The first advertisement for Valentine’s Day shows up on February 6 with an ad for “Valentine Tokens” at Wylie’s. The ad proclaims: “Sweethearts of every age and every preference will find a truly delightful assortment of Valentine’s here” with the added reassurance: “most of them inexpensive.” Not only that, Wylie’s entices us with the promise of a window display: “Our window will interest the kiddies.” Aside from that, one other small reference appears to Valentines for sale at The Fair Store.
Lois Luette, a native of Monroe County and a daughter of Arthur Nelson and Lois (Freeman) Luette, graduated from Bloomington High School. On June 4, 1948, not long after her graduation, she married Max H. Bruce who was also a Monroe County native.
Like most young couples, they set up housekeeping, and it wasn’t long before the family included two children, Cheryl and Marc. For a while Bruce worked at RCA, and Lois took some part-time jobs with flexible hours in order to provide for the children while supplementing the family’s income.
About 1960, when the children were both in school, Bruce became a fireman and Lois took a full-time job as a dispatcher at the Bloomington Police Department. Six years later, in 1966, Lois was given a new job title and responsibilities along with her co-worker, Barbara Webb. Both women were appointed as Bloomington’s very first female police officers.
By the late 1970s, Cheryl and Marc were young adults living on their own. Cheryl moved to Arizona with her husband. Because Lois and Max wanted to be near Cheryl, they also moved to Arizona.
It was there that Max passed away in 1996, Lois in 2011. Both were subsequently returned to their native home for burial in Valhalla Memory Gardens on the west side of Bloomington.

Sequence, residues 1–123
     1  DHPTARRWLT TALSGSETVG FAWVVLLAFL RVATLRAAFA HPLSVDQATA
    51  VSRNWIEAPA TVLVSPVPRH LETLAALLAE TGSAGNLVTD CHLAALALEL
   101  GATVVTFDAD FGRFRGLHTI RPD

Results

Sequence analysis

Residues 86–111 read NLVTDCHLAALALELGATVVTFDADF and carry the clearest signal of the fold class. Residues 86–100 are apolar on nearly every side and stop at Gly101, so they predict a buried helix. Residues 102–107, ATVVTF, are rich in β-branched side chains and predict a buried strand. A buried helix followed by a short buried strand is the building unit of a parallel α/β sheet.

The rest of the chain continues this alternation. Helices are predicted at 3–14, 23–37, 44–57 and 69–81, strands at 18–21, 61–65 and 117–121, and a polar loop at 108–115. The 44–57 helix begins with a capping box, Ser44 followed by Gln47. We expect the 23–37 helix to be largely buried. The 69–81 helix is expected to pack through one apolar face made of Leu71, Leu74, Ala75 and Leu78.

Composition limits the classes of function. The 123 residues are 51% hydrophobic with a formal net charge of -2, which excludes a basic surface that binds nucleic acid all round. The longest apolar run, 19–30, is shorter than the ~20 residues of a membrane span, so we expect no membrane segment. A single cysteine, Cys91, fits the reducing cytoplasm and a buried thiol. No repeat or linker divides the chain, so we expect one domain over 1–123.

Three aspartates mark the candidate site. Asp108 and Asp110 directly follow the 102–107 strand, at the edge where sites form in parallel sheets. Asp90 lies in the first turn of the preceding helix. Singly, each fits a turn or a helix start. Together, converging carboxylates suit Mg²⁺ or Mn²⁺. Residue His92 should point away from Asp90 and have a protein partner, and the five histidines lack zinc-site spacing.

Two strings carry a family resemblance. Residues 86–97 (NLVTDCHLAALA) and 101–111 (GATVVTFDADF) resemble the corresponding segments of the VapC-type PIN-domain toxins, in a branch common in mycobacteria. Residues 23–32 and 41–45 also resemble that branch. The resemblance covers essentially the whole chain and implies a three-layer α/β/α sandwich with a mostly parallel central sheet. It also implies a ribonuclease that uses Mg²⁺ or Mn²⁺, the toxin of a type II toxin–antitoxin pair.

– Bloomington Herald Telephone, January 6th 1972
– 1948 Bloomington High School Gothic
– Monroe County (In.) Marriage Records
Post Submitted by Randi Richardson (Research Library Volunteer)
Willis O. Tyler, the son of Isaac and Mary Tyler, members of Monroe County’s black community, was born in Bloomington on July 19, 1880. His parents lived on East 10th Street in what was at that time known as the “Buck Town” neighborhood. He attended Bloomington’s public schools including, undoubtedly, the Center School at 6th and Washington, the only Bloomington school designated specifically for black children.
A new edition of the 1818-1881 Monroe County Marriage Records Index is available in the library and for purchase in the museum store. The second edition, re-indexed by volunteer Lee Ehman, makes many corrections to the index originally published in 1995. Lee has also been busy digitizing our marriage records. Now records through April, 1921 are available in PDF format.
We have also added the Buildings and Houses Index to our website. This resource makes it easy to locate materials on local structures found in the library’s collection of print materials. This index was created by volunteers Lee Ehman, Beth Lau, and Ben Williams. Currently, it is only available online.
In early June 2016, Ancestry made available on their subscription website
tens of thousands of digital images of vital records from the State of
Birth Records: 1907-1940
Marriage Records: 1958-2005
Death Records: 1899-2011
While these records represent a rich and valuable resource for Indiana
genealogists, it isn’t quite as good as it sounds. For starters, this is a
monumental project, and it takes considerable time to put all the records
online. When all is said and done, however, it is expected that 17,000,000
records from these three sources will be available online. Some of the
records are up now and others are being added until the project is complete.
Those records already online are searchable.